I do have a caveat to my negativity though. When Sean Penn finds Benecio to kill him, he realizes he cannot kill him and fires the gun into the ground, telling Benecio to go and never come back. But Benecio tracks Penn down to his hotel room and tries to force Penn to go ahead and shoot Benecio. In other words, Benecio wants to die, accepts the wages of his sins. But Penn cannot and instead shoots himself in the shoulder to get it all to stop. Why? I don’t get it, other than a possible “atonement” theme. It is because of this event that Benecio ends his self-imposed exile of self flagellation and returns to his wife and kids. I’m willing to acknowledge that this might be a self sacrifice notion of substitutionary atonement, the innocent for the guilty, a man finding forgiveness in the sacrifice for another on his behalf, but the movie makes everything so guilt-ridden that it is hard not to see it all as a cynical retreat from true goodness.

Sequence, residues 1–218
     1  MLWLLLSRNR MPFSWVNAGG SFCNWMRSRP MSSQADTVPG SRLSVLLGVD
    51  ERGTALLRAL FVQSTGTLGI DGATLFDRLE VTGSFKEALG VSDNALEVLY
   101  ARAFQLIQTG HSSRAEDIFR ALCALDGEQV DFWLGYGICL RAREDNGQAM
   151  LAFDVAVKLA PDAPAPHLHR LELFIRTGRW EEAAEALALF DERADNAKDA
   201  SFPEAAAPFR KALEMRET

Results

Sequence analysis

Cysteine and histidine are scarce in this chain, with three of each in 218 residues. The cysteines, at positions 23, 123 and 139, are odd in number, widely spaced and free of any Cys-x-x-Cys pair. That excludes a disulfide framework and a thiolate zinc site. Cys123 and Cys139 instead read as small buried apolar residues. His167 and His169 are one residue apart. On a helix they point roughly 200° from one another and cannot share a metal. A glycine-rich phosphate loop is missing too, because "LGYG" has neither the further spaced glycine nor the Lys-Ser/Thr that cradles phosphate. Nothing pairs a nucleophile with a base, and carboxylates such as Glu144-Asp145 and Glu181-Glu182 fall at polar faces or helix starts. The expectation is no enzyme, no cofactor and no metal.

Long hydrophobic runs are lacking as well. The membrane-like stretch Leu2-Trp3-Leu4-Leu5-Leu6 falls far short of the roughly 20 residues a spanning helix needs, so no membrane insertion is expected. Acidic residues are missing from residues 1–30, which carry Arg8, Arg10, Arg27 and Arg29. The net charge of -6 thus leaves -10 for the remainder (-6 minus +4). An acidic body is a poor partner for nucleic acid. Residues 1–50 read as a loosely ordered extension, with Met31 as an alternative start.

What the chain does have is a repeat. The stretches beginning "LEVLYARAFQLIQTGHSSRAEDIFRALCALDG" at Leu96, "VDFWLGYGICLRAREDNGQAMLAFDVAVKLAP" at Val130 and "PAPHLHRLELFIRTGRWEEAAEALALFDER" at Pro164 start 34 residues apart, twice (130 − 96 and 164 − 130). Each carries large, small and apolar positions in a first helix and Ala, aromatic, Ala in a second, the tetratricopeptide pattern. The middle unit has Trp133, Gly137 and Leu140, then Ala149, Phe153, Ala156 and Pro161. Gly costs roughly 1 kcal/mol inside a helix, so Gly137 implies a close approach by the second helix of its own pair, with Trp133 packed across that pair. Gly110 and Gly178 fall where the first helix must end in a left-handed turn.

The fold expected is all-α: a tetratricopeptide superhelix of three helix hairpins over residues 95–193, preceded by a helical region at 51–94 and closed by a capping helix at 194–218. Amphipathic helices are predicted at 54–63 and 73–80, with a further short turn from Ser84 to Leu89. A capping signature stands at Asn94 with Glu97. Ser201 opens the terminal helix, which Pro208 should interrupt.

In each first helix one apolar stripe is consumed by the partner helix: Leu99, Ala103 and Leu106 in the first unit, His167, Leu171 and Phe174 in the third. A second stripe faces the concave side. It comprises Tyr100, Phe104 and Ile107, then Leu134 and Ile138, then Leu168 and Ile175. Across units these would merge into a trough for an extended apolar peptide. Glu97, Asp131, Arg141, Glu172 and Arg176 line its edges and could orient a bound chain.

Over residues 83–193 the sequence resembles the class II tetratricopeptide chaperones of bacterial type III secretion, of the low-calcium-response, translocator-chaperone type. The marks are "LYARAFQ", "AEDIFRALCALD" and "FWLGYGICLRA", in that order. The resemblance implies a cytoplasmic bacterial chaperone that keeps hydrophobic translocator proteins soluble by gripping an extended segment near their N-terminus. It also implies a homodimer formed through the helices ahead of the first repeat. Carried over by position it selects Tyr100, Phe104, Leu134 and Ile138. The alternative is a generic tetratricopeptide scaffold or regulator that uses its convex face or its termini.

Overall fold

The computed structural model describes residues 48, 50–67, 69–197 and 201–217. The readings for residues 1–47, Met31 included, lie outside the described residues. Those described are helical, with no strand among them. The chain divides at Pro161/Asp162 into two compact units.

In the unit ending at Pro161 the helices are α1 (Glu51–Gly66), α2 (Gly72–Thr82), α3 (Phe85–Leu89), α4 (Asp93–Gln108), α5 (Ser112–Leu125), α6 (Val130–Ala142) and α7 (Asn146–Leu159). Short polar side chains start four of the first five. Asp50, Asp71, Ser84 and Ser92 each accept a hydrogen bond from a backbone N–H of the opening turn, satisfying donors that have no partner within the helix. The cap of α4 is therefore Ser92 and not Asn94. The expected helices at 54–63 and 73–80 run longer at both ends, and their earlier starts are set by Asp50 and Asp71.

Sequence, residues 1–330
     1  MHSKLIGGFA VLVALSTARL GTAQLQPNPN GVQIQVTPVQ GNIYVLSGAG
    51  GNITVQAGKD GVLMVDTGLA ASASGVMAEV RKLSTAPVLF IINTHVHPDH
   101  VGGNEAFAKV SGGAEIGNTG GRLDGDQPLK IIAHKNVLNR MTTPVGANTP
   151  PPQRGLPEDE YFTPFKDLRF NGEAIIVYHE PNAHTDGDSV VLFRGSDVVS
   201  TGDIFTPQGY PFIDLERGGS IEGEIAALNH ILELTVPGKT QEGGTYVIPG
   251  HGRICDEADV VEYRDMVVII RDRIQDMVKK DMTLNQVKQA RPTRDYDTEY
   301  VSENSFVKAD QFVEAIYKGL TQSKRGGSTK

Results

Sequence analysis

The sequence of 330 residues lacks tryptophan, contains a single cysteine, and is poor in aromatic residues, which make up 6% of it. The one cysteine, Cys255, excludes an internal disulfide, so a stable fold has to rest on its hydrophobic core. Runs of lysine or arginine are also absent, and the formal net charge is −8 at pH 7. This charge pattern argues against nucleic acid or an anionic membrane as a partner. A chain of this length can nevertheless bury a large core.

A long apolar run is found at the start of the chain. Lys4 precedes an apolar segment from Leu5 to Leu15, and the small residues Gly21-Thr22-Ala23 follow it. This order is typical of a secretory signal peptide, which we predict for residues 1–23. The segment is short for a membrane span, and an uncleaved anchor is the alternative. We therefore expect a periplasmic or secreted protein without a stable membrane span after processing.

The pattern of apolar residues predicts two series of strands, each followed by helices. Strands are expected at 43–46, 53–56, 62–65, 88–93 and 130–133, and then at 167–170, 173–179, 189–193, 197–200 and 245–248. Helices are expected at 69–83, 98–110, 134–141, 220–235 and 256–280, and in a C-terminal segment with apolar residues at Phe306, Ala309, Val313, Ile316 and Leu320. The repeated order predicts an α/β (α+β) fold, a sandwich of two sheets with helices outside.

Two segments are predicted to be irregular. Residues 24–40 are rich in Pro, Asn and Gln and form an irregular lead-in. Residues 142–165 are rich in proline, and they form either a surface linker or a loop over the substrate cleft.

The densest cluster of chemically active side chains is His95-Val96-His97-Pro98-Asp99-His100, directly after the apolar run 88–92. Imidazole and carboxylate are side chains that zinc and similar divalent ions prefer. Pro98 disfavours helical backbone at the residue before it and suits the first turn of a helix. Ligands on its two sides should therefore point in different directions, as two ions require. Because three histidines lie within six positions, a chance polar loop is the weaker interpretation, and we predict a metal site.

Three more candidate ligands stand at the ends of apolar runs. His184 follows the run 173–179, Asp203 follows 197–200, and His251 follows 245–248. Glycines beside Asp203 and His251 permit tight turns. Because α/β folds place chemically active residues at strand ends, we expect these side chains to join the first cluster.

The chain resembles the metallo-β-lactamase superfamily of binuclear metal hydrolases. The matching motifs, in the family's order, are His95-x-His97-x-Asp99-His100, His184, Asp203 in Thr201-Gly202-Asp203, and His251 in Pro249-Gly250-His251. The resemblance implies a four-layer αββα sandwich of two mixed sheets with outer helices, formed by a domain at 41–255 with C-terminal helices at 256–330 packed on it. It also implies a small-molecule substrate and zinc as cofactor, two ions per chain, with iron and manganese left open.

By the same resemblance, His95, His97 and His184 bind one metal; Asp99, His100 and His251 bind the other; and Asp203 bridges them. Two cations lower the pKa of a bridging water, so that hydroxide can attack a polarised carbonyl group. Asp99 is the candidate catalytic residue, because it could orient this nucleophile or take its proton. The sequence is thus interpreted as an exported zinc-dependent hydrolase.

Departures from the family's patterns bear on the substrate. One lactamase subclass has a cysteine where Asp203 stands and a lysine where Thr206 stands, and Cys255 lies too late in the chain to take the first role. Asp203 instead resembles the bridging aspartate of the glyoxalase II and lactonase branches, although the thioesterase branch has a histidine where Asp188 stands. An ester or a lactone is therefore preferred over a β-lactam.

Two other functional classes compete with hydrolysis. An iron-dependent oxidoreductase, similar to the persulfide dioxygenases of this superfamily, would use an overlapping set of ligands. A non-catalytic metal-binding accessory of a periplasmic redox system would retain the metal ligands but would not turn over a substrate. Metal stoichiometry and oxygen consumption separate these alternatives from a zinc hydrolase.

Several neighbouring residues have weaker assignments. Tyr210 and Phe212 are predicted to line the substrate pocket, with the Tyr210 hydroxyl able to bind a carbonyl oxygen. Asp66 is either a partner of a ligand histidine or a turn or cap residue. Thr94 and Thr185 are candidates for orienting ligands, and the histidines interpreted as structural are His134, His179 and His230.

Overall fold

At the end, the Penn character muses that 21 grams is the amount of weight that a person’s body loses when they die. The weight of a soul? He asks a bunch of questions but gives no hope of an answer: “How much is lost. Where do we lose 21 grams? How much goes with it? How much is gained? 21 grams. The weight of a stack of nickels, a hummingbird, a chocolate bar. How many lives do we live? How many times do we die? How much of life fits into 21 grams?” Well, these are very thoughtful questions, but the context seems to emphasize the insignificance of life and the inability to determine its value in light of the irony of life’s inequities and tragedies. Great questions. Great issues raised. Too bad no real hope is provided, and faith is discouraged as inadequate or ineffective. Contrast that with the redeeming nature of faith in the true Jesus Christ found in the Gospels and in Christian’s lives. Jesus said, “I came that they might have life, and might have it abundantly.” (John 10:10). And, “Come to Me, all who are weary and heavy-laden, and I will give you rest. “Take My yoke upon you, and learn from Me, for I am gentle and humble in heart; and YOU SHALL FIND REST FOR YOUR SOULS. “For My yoke is easy, and My load is light.” (Matthew 11:29-30)